The healing power of art exists. Many artists and sector professionals have been singing the praises of its therapeutic properties for both the body and mind for centuries. Now we have the proof. A recent scientific study conducted at the Santuario di Vicoforte by Prof. Enzo Grossi – Professor of Quality of life and promotion of health at the University of Bologna – has shown that art and beauty have a positive effect on our health. A sample of saliva was taken from 99 people before they were allowed to enjoy the view of the Sanctuary and its magnificent elliptical dome – the largest in the world – and another immediately after the visit. The surprising results of the test show that during the aesthetic experience the level of cortisol, a hormone associated with stress, decreases sharply. This happens to those who enjoy the art of others. But can beauty have a curative effect on its creator?. The example of Yayoi Kusama gives a positive answer to this question.. Before coming to have a decades-long influence on the entire art world, as a child this extremely well-known eclectic Japanese artist was afflicted with various neuropsychiatric disorders which led her to obsessive behaviour both in acting and thinking. Art was her escape valve. Already at 10 she began to paint compulsively and to portray her dreams and above all her nightmares on canvas. Her hallucinations were so frequent and powerful that soon the young Kusama was convinced that they were real. She began to interact with the objects surrounding her and the line between real and imaginary art became thinner and thinner until it disappeared altogether. This is where her obsessions, fears but also her innermost desires started to enter into her work. At first her paintings were filled with biomorphic elements in the form of orifices and vaginal symbols, then these elements changed shape and became jumbles of indistinct objects – almost biomorphic nerves – composed of multitudes of squares that gradually went on to fill the different media used. In this way she was able to channel her suffering within this creative whirlwind, allowing it to give vent to an obsessive-compulsive continuum of endlessly repeated shapes. Despite her mother’s strict prohibitions, the young Yayoi continued to give vent to her frustrations through painting.
The first examples of what would go on to become her immortal trademark appeared at the start of the 1950s. The little squares that broke up her canvasses and transformed them into fragile glass plates seemingly ready to shatter were replaced shortly thereafter by tiny dots. Unlike Impressionist pointillism, her polka dots completely fill the space of the pictures without creating real images and they were neither mechanical nor depersonalized executions. On the contrary, these small entirely handmade forms fully symbolized the artist’s passionate, tireless and endlessly restless soul. The polka dots continued to grow and needed more space and Yayoi thus began the series of Infinity Nets, large scale canvasses dotted with a dusting of Kusama Dots. The number of dots increased dramatically until they spilled over from their medium, invading the easel, the floor and everything they touched, like measles spots infecting everyday objects and even people. The Polka Dots War started, everything and everyone could be invaded, there were no prisoners. Well actually, yes. Yayoi looked for new forms of expression and imprisoned visitors within her Rooms, in which mirrors amplified the presence of her inevitable dotted shapes to infinity. Here the public were catapulted into her obsessive world, experiencing her feelings, anxieties and at the same time her relief. But even this wasn’t enough for the artist, she wanted to take her art out of the galleries and let it leave its mark on the whole world and so she began to display in unexpected performances in public where the protagonists were her and the Polka Dots, occasionally some performers and even the public itself. Her happenings were always different but they had one common denominator: the overwhelming or purification and dematerialization of all that they invaded. The “anatomical explosion” as she herself defined it had a powerful effect on everything: the worlds of painting and drawing, sculpture, performance, installation and even environmental art. But the real revolution took place when Kusama encountered the product design and fashion industry. Not in terms of style but in the spirit with which she approached her art. The early years of the new millennium saw the advent of collaborations with highly significant fashion industry names. It was here that her artwork was transferred to the creations of Issey Miyake and later also onto bags, clothes, shoes, accessories and jewellery by the designer Louis Vuitton.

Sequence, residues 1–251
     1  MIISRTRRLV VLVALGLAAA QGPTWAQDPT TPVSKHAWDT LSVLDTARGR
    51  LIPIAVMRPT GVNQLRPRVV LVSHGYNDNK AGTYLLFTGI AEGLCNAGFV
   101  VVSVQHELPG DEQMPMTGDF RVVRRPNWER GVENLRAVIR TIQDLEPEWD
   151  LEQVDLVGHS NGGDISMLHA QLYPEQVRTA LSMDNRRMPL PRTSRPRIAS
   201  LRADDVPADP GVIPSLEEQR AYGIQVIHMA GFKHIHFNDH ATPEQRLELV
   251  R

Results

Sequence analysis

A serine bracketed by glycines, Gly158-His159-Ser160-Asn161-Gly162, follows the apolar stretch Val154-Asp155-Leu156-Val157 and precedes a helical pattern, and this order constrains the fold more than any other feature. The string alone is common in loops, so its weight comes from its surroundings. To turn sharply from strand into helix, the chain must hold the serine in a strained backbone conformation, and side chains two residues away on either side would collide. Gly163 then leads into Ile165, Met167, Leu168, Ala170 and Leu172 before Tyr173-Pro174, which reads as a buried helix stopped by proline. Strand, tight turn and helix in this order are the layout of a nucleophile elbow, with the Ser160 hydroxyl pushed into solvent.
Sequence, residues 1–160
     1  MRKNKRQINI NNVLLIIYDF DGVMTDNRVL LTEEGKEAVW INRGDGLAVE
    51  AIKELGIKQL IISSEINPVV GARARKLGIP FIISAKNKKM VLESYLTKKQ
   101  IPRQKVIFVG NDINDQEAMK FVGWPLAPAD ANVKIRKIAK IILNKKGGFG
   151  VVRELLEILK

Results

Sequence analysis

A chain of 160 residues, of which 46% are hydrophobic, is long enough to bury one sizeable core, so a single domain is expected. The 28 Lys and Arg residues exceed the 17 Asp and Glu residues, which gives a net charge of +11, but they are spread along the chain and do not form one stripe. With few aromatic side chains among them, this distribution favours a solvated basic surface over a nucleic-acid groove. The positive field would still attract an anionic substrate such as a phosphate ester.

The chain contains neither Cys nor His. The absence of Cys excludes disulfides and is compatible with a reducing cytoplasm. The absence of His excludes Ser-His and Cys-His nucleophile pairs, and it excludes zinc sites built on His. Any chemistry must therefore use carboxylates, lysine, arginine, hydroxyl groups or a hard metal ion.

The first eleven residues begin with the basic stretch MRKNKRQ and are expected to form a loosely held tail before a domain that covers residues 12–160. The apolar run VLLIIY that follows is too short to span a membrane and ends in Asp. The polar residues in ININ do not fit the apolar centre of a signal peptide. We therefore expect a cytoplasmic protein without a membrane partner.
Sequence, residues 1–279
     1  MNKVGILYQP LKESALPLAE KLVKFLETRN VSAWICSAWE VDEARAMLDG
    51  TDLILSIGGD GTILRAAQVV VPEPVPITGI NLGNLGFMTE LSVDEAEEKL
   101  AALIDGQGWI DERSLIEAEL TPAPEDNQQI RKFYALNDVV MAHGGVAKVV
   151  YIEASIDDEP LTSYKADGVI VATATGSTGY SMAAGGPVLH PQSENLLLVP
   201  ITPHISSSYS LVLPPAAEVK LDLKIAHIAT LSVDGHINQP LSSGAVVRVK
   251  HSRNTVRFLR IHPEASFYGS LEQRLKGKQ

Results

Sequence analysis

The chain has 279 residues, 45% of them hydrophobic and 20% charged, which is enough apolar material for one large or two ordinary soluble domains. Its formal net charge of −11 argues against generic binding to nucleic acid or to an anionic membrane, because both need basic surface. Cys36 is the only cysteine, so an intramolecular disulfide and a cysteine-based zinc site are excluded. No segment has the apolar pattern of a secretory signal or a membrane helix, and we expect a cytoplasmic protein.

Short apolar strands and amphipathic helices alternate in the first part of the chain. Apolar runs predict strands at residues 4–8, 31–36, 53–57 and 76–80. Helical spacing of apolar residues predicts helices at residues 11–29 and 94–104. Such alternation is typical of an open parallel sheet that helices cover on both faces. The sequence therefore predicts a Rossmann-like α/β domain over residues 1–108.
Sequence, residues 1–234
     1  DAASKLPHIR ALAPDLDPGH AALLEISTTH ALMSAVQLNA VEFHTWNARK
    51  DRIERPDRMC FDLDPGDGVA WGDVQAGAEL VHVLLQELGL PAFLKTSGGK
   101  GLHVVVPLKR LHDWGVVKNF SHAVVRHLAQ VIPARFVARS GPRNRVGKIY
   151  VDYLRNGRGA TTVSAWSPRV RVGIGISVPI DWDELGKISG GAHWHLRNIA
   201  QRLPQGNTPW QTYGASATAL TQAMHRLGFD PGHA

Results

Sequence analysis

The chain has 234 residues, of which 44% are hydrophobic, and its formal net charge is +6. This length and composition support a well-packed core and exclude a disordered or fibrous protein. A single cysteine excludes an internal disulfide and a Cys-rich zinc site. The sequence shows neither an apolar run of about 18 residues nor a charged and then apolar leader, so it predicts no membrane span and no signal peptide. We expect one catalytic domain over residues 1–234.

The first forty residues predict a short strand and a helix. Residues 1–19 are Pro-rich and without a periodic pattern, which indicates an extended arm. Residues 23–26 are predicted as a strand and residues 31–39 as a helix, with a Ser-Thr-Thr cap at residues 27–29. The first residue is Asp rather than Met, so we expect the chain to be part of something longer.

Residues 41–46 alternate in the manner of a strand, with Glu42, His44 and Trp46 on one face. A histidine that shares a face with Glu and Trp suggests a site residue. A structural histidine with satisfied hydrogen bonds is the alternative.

The artist’s trademarks – Polka Dots, the biomorphic nerves, the infinite network – extended to the great classics of the French fashion house creating a unique collection, a symbol of how art can lead to other channels and reach the public in constantly different and innovative ways. In this case the visitor is, however, a buyer, who thanks to the collaboration between Yayoi Kusama and the former artistic director of Louis Vuitton, Marc Jacobs can afford to take home an original work of art at a much more affordable price and feel it on their skin every day. Besides the products she also dedicated herself to leaving her mark on the storefront windows of the fashion house, creating artistic installations which at the same time aimed to present the collection through its unique design. This then is the artist’s real Pop breakthrough, in which her polka dots become mechanical and 100% pop-ular. At this point, critics were divided: the artist’s stylistic consistency was absolutely impeccable for sure, but could you say that this commercial turning point had undermined the very purpose of her art – or rather the channelling of her obsessions – or was it just a different and more extensive way of expressing them? Posterity will judge. The Kusama explosion thus spread through time and space, affecting everyone and everything. It started in the last century and we feel its effects even today. Yayoi Kusama recently stated “The earth is a dot. I am a dot. The moon is a dot. The sun is a dot. The stars are dots. Dots are innumerable, infinite, that’s why my life has been a continuous struggle for the creation of my art”. These words perfectly explain the reasons why for some 70 years the artist stubbornly and consistently continues to fill her life with Polka Dots. We cannot know if art has really cured Kusama of her ailments, but we do know that the fight against her demons has been overcome through the battle for creativity and that her works have protected many of us from our own high levels of cortisol or at least, have sharply lowered them.